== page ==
Sometimes, when faced with circumstances beyond humanity’s control, you just have to laugh at bad news.
Doing anything else – mourning, wailing, waxing hysterical – is futile.
Bad economic data isn’t sentient – it’s not a thing that has a sense of purpose, and thus it has no way of knowing that we’re doing our best to mitigate the bad vibes it engenders by chuckling in its wake. But chuckle we must at the following chart, which shows the Dallas Fed gauge plunging a truly astonishing 71.2 points from the prior month.
For what it’s worth, that’s not even in the ballpark with estimates. The range was -34.8 to -5.
Those interested in responses (collected March 17—25) to some of the special COVID-19 questions the Dallas Fed asked alongside the regular survey can find the results below, but the bottom line from the March release is captured in these two words from the accompanying color: “sudden decline”.
Speaking of “sudden declines”, SocGen’s Andrew Lapthorne notes that consensus estimates for corporate profits are likely being artificially inflated by the fact that only some companies have withdrawn or altered their guidance to reflect the new, stark economic reality. That, in turn, means EPS forecasts are probably falling “at twice the headline rate”.
“With things moving so quickly many forecasts will become out of date, artificially holding the consensus higher than it should be”, he writes, in a note dated Monday.
What would happen if one were to leave out those corporates that have yet to change their guidance?
Lapthorne is glad you’re curious. “Removing these stale forecasts and focusing only on estimates posted during the past 20 days (so-called flash estimates) gives a more up-to-date picture”, he says, adding that “globally, instead of Year 1 forecasts cut by 9.2%, so far this year, the flash estimate shows a 17.2% cut, a massive 800bp difference moving the Global 2020 P/E we calculate using the standard consensus from 14.6x to 16.1x”.
The perceptive among you will immediately conclude that the read-through for equities is that even with the latest rout, stocks may still be too “rich”.
As Lapthorne exclaims, that 16.1x reflects “a fully valued market in normal times, let alone a crisis!”
Special questions in Dallas Fed survey
9 thoughts on “‘Sudden Declines’, ‘Gone In A Flash’”
Lapthorne seems to be “on it”- so the obvious question that I wish I could ask Lapthorne is this–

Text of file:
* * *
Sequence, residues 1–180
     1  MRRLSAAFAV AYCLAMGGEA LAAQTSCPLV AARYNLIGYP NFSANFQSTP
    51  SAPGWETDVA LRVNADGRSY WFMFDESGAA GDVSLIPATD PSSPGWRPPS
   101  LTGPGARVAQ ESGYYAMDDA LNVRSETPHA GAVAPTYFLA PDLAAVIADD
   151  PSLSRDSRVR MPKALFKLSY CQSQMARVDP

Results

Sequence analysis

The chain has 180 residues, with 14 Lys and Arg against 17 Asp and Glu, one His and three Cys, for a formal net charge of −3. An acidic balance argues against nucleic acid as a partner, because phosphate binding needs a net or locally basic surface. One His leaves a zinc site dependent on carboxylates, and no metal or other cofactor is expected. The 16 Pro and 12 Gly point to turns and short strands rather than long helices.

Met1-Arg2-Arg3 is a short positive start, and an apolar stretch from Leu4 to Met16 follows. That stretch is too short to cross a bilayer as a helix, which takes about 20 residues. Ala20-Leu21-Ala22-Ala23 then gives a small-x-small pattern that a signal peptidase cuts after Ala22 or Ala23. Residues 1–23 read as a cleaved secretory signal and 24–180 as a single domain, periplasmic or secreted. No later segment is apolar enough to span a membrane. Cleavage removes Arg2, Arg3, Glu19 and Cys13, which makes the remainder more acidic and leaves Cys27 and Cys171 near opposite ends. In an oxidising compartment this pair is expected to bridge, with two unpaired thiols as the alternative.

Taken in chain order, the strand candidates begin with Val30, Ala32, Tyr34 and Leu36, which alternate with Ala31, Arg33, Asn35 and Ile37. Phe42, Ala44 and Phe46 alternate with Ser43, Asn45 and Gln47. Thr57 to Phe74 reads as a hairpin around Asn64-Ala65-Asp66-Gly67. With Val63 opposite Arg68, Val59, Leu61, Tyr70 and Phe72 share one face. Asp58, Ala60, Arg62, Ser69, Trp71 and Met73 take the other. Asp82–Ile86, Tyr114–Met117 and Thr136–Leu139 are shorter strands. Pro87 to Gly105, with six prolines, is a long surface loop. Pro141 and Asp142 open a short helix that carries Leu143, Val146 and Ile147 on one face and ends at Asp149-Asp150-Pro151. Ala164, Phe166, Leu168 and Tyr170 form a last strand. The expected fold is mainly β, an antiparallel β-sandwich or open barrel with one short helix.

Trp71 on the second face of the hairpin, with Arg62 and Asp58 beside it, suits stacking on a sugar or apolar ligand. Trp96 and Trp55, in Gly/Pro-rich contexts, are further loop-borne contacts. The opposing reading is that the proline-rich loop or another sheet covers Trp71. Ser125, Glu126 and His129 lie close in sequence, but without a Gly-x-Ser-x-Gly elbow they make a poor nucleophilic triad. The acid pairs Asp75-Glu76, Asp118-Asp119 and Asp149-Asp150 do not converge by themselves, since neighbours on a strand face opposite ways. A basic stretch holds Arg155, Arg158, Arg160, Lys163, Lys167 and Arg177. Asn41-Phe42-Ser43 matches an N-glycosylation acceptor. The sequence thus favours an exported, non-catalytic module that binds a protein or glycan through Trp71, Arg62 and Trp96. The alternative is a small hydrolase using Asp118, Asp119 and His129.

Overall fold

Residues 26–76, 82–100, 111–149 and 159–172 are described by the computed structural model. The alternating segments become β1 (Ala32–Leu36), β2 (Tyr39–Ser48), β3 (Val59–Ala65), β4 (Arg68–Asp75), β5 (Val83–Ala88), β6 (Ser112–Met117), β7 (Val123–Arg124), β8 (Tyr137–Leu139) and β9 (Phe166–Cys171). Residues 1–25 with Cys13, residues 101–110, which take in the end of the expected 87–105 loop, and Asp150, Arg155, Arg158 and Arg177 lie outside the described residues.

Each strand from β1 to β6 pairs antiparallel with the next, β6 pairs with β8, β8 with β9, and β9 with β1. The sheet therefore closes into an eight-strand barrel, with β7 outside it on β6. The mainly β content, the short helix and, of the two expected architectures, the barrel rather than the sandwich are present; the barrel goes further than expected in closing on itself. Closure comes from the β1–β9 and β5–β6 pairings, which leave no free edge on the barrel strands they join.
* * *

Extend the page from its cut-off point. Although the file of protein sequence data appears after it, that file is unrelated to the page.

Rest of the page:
“How do you reconcile the Dallas Fed survey results and your analysis (which is now in the public domain) with the US stock market’s behavior today?”
End of month rebalancing and CTA’s. Wait till late tomorrow or Wednesday.
Hard to believe that you can account for today’s rise solely as a result of rebalancing.
Well it ain’t based on any plausible connection to the economy…
The P/E game obviously hasn’t started & won’t for at least 4 months.if you love something like Costco with a P/E of 34, are still gonna love it around 1000? If stock prices stay inflated and overvalued now, with YUGE hits to earnings, will the market accept that new norm and then also look away in denial about losses? How long will that new paradigm last??
And another thing related to Costco with a P/e of 1000.
What happens when we accept the notion the the E in P/E doesn’t matter? Well, you basically go back to the Dutch Tulip Bubble, where price is the only function, until speculators decide to pull the rug out from under the rubes, sorta like the game in place right now!
High frequency derivative swaps have never looked so alluring!
The up day for equities is still likely reflexive based on forced rebalancing buys as volumes are light. I get the sense that investors, institutional and retail, are still in disbelief about what is happening and they feel like the V recovery is just around the corner. It probably isn’t, the real economic damage is just around the corner. This market down turn is not solely about the virus. The economy (global and US) was likely headed to recession even without the pandemic and equities didn’t get that messages. All we have seen so far is the leverage get squeezed out of equities. As H aptly points out P/E are now average, but this is based on the prior 12 months activity. Now when the market starts to get honest about what the next 12 months will look like (ugly) and the P/E gets to the bear market comp of less than 10, then we will get an idea of where equities are headed.
Maybe too many Christ-INANITY cult GOPers in the unofficial Megachurch Minions state(trust me- my mother in law lives in Midland…) were zealously moved to socially congregate & mix it up in the COVID 19 counties to save America’s (Japanese ilk in training wheels~)economy for the grandchildren. Maybe it wasn’t a hoax after all? Or maybe it’s just the nationalized welfare Fed not patently buying the stressed/defaulting corporate paper underpinning the crud, inc. “empire of dirt…” who knows – BlackRock and the Fed can still manipulate ETFs so there’s hope Texas trumpFilth after all?